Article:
Parties: It's a Scene, Baby!
LAN Party HOWTO
The most important issue
when having a LAN party is getting the word out. Using a web page
is a popular way of doing this. Popular web sites like Blue's
News and LANParty.com publish
information about LAN parties. It is good to get a party listed here
for more visibility. Other web resources are some of the banner ad
Local newspapers and the
news media are also used as publicity draws. There are costs associated
with advertising, so it is not something that a lot of LAN parties
use. Getting news coverage on TV or local radio or newspaper, however,
is not very difficult. Just call the organizations and talk to a reporter
about your event. That might produce an article about the LAN party,
which would help in the promotion effort.
Sponsors are necessary
for large-scale events. The more prizes that sponsors give to the
games, the more interest you have for people to come to the event.
It is a win-win situation for them too, because they get publicity
and visibility in the community that is going to use their product.
It's a very tightly targeted market.
The trick to getting sponsors
is making phone calls. Lots and lots of phone calls. Email is also
helpful, but typically not as successful as phone conversations. If
you can get in front of a potential sponsor in person, that is even
better. Some places to work for sponsorship are your local computer
companies, but call the big names too. They love to see their name
The sponsors will come
to events that are well publicized. To attract good sponsors, a good
publicity campaign is necessary. That is one of the things that will
help land large sponsorship deals too. If it can be shown that the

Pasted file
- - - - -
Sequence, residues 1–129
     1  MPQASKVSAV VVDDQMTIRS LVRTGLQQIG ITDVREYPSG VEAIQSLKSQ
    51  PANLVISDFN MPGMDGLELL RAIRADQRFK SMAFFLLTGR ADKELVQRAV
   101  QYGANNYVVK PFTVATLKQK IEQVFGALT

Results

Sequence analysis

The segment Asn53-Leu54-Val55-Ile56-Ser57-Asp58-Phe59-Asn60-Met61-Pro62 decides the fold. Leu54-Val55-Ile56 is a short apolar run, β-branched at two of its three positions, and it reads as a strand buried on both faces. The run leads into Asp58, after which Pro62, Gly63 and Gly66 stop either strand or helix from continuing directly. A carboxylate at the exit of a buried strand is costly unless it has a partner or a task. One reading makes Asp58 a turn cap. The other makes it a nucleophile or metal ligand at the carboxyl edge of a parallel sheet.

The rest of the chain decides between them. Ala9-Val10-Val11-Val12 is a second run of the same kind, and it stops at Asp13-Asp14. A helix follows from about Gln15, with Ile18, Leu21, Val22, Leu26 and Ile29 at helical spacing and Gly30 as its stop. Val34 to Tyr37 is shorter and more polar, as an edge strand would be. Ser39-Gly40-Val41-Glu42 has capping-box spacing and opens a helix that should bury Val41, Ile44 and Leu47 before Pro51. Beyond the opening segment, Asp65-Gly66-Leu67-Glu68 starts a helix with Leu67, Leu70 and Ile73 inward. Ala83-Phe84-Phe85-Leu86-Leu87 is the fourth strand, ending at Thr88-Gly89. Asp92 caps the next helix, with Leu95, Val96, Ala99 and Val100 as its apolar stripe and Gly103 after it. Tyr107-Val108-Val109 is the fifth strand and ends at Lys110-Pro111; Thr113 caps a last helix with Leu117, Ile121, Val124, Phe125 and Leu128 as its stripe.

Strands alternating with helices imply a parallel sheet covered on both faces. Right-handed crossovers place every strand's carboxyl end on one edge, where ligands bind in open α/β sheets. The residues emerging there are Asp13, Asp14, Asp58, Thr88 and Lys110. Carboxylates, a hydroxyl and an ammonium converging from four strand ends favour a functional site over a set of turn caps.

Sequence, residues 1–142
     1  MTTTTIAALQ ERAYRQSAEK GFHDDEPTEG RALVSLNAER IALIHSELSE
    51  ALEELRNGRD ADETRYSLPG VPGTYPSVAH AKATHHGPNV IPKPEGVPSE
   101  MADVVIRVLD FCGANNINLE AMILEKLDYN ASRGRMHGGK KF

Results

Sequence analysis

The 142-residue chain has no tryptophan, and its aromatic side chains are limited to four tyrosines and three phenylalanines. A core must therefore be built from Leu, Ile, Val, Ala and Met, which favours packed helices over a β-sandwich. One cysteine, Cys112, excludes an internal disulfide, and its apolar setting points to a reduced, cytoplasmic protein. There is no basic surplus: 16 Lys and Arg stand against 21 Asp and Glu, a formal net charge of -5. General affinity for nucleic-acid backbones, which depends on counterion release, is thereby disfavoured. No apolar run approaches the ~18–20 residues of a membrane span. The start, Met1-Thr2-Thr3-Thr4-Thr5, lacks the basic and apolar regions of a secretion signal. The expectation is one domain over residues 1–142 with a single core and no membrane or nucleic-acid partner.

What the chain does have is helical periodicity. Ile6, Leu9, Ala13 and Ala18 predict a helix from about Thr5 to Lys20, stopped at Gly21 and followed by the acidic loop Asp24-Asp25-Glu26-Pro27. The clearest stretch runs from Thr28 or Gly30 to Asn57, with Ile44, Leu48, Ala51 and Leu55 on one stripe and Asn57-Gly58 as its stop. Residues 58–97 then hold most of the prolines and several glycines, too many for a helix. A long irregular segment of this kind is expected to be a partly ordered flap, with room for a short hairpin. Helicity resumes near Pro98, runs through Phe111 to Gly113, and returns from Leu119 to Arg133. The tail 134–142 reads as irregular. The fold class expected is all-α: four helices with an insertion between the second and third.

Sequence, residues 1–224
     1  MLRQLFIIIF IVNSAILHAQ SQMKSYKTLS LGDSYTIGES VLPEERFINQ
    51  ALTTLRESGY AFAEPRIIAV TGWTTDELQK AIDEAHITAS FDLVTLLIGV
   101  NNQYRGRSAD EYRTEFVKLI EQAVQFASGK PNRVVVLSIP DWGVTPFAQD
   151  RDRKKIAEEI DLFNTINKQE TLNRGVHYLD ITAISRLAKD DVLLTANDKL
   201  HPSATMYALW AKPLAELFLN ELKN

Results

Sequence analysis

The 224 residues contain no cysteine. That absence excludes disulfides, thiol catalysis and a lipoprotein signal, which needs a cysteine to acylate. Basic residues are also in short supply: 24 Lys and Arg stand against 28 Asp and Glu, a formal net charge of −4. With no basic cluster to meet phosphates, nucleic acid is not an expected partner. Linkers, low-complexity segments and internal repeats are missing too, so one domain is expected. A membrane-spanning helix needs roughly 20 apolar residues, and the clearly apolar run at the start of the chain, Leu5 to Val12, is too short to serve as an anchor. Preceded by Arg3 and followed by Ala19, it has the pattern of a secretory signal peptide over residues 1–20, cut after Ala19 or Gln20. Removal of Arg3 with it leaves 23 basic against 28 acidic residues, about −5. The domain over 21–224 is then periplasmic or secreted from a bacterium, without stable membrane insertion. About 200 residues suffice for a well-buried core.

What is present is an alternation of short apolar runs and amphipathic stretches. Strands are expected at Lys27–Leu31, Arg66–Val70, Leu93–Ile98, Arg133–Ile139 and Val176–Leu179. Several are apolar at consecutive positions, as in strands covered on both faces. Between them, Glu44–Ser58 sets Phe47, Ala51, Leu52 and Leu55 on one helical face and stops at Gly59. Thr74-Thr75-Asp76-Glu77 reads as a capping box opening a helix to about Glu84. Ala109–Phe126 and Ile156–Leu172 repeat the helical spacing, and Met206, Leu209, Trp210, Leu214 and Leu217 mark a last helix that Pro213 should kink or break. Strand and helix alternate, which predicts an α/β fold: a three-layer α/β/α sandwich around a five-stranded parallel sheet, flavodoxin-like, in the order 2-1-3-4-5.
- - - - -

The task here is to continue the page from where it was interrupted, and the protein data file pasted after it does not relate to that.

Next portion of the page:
website used for publicizing is getting loads of hits from professional
organizations, and such - that's a good selling point for their marketing
Finding a location is an
extremely important step in getting a LAN party set up and running.
The first place that most people have a LAN party is in their house.
That's fine for small, less than 20 player events, but when there
are going to be over 50, it's usually too small - with inadequate
power, and seating.
When the party is larger
than about 20 people, then power is important, but with extremely
large parties, it is a big problem. At the first QuakeCon in
Dallas, there was a real power problem. They had to bring in 2 huge
diesel generator trucks to supply power to the event. Plan for about
2 to 2.5 amps of power for each PC in attendance. So if a conference
room in a hotel is needed, make sure the booking has been made in
advance, and the partygoers understand that there will be a charge
to cover costs. Other venues can be places like a business, or a warehouse.
There have even been events that were held in airplane hangars.
Tables and chairs are usually
a problem. Nobody owns enough tables and chairs to fill their house
full of spaces for people to come over and set up their computer.
Renting or asking the attendees to bring extra stuff is the typical
solution. Make sure that the partygoers know about any costs that
are going to be passed down to them to attend the event.